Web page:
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‘I can’t focus on anything else until I know this child is safe’ - Q&A with a Content Moderator

posted by Ruth Spence


We ask a content moderator about their job and why they do what they do

First Digital Responders (FDRs, more frequently termed Content Moderators) are on the front line of the fight against online child sexual exploitation and abuse. They act quickly to identify and remove child sexual abuse material (CSAM) in order to protect children from the re-traumatisation of having their abuse distributed across the internet, and to protect the public from exposure to harmful and traumatic content. Yet little is known about the role of FDRs or the impact of repeated exposure to CSAM on their well-being.

Our research is involves interviewing a number of FDRs to provide key insights into the roles, responsibilities and some of the challenges faced by those who do this role. We also sent out an anonymised request to some moderators to share experiences through a written Q&A for added insights. Here, an anonymised moderator shares their personal experiences and some of the challenges they have faced while working in the role. We do not know which agency this individual works for.

‘We fight the unthinkable every day’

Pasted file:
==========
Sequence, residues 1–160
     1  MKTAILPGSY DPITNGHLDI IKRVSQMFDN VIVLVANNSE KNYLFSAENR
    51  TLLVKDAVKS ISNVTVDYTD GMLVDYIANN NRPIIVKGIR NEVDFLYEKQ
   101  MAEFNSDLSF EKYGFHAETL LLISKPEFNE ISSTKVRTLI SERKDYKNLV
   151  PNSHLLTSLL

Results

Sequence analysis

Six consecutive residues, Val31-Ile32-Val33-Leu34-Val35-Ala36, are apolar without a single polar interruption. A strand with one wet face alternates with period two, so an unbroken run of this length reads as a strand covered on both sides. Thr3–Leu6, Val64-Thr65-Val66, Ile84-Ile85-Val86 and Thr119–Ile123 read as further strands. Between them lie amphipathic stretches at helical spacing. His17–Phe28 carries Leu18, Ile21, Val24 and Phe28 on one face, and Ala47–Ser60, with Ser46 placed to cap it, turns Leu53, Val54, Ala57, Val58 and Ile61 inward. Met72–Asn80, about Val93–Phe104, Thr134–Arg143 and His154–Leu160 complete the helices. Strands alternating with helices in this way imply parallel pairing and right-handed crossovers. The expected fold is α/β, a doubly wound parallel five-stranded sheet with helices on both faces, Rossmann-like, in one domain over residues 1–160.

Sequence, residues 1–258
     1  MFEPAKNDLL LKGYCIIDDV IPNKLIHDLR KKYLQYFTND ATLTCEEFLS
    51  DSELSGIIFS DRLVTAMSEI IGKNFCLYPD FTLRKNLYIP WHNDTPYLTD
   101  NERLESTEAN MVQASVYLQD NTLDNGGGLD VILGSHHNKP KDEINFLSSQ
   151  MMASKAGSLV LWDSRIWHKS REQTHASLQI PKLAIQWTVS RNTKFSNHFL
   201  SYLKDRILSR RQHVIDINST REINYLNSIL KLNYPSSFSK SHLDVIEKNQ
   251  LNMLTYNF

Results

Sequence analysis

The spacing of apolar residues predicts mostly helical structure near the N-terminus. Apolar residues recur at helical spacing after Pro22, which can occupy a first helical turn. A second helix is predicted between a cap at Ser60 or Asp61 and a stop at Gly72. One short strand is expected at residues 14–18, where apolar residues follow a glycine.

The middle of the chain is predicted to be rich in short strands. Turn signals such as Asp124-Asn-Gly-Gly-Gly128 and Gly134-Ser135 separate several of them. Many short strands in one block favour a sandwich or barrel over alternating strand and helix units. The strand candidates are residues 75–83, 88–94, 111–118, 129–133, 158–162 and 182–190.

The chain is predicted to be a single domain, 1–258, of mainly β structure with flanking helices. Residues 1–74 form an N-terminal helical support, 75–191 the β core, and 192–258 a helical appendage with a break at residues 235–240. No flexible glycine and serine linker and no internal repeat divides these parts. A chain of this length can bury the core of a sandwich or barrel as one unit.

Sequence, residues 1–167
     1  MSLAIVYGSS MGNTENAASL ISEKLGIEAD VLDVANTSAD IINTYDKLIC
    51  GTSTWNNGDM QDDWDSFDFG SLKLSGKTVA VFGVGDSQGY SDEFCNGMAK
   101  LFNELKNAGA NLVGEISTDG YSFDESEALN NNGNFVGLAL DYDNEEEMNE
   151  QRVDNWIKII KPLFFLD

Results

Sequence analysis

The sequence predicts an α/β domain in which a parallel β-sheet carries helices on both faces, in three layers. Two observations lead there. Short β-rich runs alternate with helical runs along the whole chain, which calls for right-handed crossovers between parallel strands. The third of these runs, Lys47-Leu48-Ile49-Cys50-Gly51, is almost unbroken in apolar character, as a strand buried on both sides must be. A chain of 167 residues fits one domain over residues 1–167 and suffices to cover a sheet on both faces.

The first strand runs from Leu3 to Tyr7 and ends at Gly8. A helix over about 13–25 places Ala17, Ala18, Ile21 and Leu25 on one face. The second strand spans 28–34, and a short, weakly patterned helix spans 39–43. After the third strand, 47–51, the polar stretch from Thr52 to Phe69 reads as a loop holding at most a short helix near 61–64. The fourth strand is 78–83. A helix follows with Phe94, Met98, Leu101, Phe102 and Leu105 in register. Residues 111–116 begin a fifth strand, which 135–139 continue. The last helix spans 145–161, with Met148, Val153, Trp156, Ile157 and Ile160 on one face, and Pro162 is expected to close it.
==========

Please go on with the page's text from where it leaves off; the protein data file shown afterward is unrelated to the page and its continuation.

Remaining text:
What made you decide to become a FDR/CM?

It wasn’t a conscious choice, per se. I knew I wanted to work in the CSA field, it just so happened that a FDR position was the first job offered to me.

Can you describe what your work day looks like as a FDR/CM?

There isn’t a typical day, this is one of the “perks” of my job. We can investigate reports from Non- Governmental Organisations (NGO’s), such as hotlines where sightings of illegal online material are reported, we work on automationor investigate users’ reports (e.g. reports of CSAM made by the public via social media sites). If media is shared widely (a Viral Incident) we will do our best to shield users from this content and protect children from re-victimisation.

Even though CSAM is my subject of expertise, I do review other content: necrophilia, bestiality, gore, terrorism. You name it -chances are, we’ve seen it.  In terms of numbers, I honestly don’t know how much media I see per day. In a previous job, it was anywhere between 4000 and 8000 videos/links/images per day. But I don’t see them as media - I see them as children who are in dire need of help and because of this, it can be challenging to take breaks. You definitely do need them, but there is always this voice in the back of your head telling you that you’re taking these minutes away from a child.